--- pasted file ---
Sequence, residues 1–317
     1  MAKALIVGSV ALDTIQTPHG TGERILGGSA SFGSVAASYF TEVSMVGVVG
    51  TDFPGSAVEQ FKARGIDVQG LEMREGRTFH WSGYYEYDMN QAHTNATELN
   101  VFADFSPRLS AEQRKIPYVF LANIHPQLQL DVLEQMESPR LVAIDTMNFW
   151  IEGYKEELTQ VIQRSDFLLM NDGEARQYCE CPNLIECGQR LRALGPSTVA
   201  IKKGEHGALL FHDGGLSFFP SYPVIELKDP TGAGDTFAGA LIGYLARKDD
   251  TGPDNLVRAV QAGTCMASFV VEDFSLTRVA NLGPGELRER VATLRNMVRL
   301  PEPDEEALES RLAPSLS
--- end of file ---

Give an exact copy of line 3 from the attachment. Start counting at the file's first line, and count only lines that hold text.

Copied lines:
    51  TDFPGSAVEQ FKARGIDVQG LEMREGRTFH WSGYYEYDMN QAHTNATELN